‘A Good Job and the Love of a Good Woman’: A Feminist Critique of Social Bonds Theory
This chapter argues that for women, the end of a relationship can be likely to indicate a ‘turning point’ for desistance, and that there may be a link between desistance and coercive control and other forms of domestic abuse. Additionally, employment is not a panacea for female desistance. The feminisation of poverty is considered, particularly in the context of austerity measures which disproportionately affect women. Yet women are often encouraged into ‘hyper-moral’ (Matthews et al. Exiting Prostitution. New York: Palgrave Macmillan, 2014) roles following criminal justice contact including volunteering, arguably as a result of their status both as transgressors of the law and as women, which is clearly problematic in that these roles are, by their definition, unpaid. This focus on marriage and employment in social bonds theories will be argued here to be negligent of the structural conditions of female desistance.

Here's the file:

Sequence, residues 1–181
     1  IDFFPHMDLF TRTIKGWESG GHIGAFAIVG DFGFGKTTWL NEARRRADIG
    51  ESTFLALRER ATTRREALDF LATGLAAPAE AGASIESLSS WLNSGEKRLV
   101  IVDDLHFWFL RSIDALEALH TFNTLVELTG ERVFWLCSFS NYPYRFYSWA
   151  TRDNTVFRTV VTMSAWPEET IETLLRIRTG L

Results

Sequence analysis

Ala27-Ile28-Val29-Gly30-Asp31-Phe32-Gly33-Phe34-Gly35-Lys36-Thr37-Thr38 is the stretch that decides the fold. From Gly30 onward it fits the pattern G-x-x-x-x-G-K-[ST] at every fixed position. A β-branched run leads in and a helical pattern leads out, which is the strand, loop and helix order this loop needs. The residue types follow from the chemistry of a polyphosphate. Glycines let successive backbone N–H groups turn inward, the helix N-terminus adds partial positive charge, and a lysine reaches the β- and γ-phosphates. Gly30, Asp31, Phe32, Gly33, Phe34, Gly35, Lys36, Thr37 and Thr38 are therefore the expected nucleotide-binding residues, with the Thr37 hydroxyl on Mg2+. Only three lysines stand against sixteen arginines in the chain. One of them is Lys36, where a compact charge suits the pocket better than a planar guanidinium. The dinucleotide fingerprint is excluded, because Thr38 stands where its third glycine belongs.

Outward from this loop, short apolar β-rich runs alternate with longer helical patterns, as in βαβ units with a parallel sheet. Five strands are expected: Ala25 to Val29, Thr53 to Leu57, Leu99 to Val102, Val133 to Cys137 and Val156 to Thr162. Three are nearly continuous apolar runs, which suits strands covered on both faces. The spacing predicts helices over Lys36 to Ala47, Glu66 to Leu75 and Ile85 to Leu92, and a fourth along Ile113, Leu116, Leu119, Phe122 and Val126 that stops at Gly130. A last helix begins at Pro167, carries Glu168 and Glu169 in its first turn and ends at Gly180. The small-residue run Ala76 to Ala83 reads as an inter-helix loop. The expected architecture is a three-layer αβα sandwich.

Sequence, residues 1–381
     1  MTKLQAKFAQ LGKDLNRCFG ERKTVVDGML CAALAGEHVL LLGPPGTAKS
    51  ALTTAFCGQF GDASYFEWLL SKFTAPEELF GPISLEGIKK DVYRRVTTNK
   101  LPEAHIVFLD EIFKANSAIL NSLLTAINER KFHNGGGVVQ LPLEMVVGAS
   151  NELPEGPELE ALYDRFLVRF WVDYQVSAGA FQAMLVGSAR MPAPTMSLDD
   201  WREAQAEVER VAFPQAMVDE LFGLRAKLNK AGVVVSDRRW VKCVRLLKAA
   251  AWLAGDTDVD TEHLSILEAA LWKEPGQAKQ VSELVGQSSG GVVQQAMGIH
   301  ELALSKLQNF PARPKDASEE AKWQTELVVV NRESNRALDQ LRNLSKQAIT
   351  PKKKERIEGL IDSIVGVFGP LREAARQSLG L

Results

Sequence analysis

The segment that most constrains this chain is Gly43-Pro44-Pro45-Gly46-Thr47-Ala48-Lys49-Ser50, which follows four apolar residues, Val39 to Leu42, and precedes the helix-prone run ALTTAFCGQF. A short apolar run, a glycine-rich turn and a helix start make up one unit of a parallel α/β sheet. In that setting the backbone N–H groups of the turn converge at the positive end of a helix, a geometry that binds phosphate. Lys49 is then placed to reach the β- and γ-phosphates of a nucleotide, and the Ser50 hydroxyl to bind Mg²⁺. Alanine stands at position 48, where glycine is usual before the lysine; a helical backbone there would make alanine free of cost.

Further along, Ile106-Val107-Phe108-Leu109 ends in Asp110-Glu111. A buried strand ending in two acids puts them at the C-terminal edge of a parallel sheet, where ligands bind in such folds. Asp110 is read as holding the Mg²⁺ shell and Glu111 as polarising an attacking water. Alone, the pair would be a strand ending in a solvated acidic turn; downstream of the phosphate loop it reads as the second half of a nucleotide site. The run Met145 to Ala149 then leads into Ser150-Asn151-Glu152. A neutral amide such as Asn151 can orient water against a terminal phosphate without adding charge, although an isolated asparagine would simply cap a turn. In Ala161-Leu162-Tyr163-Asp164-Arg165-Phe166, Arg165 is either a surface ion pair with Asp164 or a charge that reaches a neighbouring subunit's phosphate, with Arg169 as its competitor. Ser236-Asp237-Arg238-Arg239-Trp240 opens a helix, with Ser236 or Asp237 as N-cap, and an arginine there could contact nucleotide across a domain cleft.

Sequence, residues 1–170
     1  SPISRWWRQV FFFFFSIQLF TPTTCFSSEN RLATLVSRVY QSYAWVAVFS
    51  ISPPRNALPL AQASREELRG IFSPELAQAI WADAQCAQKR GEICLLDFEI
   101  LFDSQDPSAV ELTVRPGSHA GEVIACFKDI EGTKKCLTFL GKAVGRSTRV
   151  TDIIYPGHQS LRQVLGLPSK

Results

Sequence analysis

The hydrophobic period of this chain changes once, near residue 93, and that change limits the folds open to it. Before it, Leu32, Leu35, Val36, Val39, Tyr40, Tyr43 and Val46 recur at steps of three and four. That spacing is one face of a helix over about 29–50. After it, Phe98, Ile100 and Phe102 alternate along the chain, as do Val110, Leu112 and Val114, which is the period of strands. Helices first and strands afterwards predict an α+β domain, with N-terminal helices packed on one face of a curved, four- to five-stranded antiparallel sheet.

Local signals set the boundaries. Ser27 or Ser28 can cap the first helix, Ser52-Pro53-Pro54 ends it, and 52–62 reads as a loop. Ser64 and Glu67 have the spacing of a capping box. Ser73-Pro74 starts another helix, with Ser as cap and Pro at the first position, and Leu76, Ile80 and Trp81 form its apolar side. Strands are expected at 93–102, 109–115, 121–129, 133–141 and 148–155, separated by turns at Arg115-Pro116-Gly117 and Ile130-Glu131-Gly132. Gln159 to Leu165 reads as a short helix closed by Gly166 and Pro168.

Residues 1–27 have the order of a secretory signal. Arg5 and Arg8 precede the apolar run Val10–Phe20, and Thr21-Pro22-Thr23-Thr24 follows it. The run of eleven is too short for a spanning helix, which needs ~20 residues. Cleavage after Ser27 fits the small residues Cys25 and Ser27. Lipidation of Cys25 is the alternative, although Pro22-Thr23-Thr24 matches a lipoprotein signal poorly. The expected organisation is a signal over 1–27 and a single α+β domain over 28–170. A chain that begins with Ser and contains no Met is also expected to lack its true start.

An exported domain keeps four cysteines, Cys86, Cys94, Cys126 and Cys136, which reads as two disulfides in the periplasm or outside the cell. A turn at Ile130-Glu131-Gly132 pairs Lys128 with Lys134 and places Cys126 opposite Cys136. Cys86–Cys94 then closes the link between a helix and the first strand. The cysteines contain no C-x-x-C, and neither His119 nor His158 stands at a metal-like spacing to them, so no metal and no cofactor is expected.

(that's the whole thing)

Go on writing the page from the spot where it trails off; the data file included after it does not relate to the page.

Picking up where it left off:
KeywordsSocial bonds theory Marriage Employment Austerity Patriarchy
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